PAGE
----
Plaintiff's allegations against defendant Ashlyn Yarnell-the guardian ad litem appointed to represent the two children-claim that she failed to conduct a thorough investigation of Ms. Gorski's false abuse claims. Plaintiff contends that Ms. Yarnell spoke only to Ms. Gorski about the abuse allegations and ignored evidence showing that Ms. Gorski had contrived them. Plaintiff also alleges that Ms. Yarnell ignored his complaints about Ms. Gorski's unlawful activity, wrongfully charged plaintiff with neglect, prevented him from seeing his children, and expressed personal disapproval of plaintiff's religious beliefs. Plaintiff accuses Ms. Yarnell of providing false information to the Johnson County District Court about Ms. Gorski's visitation with the children and about his fitness as a parent. Also, he contends that Ms. Yarnell withheld information from the District Court about Ms. Gorski's false abuse allegations and prostitution.

         Plaintiff alleges that defendants' actions wrongfully have deprived him of his children and have caused him humiliation and severe emotional distress. Plaintiff also contends that defendants' actions have allowed Ms. Gorski to expose his children to criminal activity and to subject them to physical abuse and emotional distress while in her care. Plaintiff seeks just one form of relief against defendants: money damages. He asks the court to award special, general, and punitive damages of $350, 000 against each defendant. Doc. 70 at 24.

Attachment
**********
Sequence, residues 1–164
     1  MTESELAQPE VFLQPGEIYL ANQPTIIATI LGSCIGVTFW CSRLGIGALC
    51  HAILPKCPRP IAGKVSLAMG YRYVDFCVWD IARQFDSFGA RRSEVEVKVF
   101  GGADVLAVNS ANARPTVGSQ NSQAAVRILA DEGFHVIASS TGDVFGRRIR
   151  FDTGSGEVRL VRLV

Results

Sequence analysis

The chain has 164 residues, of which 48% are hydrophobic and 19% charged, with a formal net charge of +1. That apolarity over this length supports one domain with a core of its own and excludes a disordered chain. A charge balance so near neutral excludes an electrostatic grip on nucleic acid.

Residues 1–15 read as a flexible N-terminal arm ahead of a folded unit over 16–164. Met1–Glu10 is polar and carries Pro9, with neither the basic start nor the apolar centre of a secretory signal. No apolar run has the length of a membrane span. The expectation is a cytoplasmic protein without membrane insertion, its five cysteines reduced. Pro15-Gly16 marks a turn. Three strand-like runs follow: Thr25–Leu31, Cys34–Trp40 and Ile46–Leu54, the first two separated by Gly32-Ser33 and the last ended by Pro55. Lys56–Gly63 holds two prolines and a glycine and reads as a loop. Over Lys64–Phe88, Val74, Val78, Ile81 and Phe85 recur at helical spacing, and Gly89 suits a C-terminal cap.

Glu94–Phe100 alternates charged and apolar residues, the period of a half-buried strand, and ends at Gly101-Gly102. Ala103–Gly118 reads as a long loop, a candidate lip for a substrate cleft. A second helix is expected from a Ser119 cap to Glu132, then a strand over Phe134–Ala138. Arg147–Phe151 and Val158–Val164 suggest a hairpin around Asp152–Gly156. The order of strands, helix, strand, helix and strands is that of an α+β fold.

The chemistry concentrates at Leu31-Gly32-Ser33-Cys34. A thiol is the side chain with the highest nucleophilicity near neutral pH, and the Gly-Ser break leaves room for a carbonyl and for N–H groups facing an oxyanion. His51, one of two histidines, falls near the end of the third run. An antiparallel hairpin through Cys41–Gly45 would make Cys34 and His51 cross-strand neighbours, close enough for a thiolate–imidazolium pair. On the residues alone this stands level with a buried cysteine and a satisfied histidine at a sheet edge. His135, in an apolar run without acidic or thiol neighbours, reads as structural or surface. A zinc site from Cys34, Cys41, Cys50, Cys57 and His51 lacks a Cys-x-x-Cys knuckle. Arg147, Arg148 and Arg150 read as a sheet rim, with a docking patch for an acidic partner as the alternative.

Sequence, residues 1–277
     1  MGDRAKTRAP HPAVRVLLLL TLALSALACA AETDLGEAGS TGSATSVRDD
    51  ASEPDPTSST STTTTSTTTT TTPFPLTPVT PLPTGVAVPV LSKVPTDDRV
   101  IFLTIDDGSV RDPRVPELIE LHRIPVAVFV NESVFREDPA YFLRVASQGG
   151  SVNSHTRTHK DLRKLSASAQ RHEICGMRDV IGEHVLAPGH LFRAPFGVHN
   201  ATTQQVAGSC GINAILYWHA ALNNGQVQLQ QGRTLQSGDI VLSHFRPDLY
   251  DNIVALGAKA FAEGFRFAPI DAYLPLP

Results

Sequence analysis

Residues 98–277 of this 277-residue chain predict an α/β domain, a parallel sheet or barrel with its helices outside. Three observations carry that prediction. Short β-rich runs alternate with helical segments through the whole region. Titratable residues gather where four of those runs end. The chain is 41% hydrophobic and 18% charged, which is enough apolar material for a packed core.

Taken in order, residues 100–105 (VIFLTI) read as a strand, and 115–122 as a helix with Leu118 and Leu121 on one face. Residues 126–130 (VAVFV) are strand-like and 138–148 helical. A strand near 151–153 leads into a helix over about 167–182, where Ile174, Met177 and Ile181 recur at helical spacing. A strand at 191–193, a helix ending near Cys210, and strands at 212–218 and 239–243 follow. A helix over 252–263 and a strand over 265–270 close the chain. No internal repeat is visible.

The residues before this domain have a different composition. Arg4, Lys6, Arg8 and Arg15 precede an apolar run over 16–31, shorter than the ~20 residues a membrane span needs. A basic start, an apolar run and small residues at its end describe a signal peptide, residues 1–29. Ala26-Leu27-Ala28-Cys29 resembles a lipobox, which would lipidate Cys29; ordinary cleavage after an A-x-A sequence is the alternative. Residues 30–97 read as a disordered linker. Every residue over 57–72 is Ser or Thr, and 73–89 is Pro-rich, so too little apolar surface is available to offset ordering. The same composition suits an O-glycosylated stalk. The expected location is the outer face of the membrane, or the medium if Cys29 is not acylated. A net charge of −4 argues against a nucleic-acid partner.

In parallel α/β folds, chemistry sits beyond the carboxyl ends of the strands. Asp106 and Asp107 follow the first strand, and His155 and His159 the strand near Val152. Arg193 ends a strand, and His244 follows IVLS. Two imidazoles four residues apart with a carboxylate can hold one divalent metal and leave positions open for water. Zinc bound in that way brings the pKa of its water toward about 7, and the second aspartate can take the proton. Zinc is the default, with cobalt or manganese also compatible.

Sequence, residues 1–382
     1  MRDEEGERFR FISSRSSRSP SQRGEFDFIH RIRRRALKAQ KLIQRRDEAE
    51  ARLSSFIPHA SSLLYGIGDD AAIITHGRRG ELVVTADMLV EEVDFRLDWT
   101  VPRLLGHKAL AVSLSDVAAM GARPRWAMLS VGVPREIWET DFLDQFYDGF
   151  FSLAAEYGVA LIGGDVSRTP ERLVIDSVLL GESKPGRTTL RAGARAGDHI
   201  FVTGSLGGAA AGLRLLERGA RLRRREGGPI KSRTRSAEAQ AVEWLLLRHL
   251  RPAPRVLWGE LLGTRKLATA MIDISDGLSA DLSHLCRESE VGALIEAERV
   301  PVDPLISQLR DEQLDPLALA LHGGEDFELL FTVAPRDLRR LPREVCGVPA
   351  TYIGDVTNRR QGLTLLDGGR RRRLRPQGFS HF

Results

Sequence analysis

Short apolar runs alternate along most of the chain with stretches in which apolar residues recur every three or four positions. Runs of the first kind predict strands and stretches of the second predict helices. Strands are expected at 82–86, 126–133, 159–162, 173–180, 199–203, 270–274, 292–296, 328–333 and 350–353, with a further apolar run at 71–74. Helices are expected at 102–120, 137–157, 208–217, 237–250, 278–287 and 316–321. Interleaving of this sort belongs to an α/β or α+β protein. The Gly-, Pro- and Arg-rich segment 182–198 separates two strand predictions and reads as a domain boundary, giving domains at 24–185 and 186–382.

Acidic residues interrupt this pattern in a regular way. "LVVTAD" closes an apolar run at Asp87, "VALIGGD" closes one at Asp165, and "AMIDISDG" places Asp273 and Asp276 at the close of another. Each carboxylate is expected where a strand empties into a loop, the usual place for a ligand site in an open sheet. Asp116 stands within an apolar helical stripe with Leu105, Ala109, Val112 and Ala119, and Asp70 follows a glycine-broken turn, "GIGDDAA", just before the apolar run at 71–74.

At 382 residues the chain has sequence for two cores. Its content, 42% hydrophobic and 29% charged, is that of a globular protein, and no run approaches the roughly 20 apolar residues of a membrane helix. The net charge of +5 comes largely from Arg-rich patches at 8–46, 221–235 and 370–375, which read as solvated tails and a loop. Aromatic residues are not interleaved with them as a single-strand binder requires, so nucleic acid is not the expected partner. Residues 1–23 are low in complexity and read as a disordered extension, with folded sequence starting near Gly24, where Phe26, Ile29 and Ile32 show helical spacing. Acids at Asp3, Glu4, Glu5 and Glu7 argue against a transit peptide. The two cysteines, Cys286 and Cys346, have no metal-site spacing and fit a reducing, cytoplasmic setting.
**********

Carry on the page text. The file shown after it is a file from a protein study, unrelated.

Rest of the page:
II. Legal Standard

         A. Rule 12(b)(1) Motion to Dismiss for Lack of Subject Matter Jurisdiction

         “Federal courts are courts of limited jurisdiction and, as such, must have a statutory basis to exercise jurisdiction.” Montoya v. Chao, 296 F.3d 952, 955 (10th Cir. 2002) (citation omitted). Federal district courts have original jurisdiction of all civil actions arising under the constitution, laws, or treaties of the United States or where there is diversity of citizenship. 28 U.S.C. § 1331; 28 U.S.C. § 1332. “A court lacking jurisdiction cannot render judgment but must dismiss the cause at any stage of the proceedings in which it becomes apparent that jurisdiction is lacking.” Basso v. Utah Power & Light Co., 495 F.2d 906, 909 (10th Cir. 1974) (citation omitted). Since federal courts are courts of limited jurisdiction, there is a presumption against jurisdiction, and the party invoking federal jurisdiction bears the burden to prove it exists. Kokkonen v. Guardian Life Ins. Co. of Am., 511 U.S. 375, 377 (1994).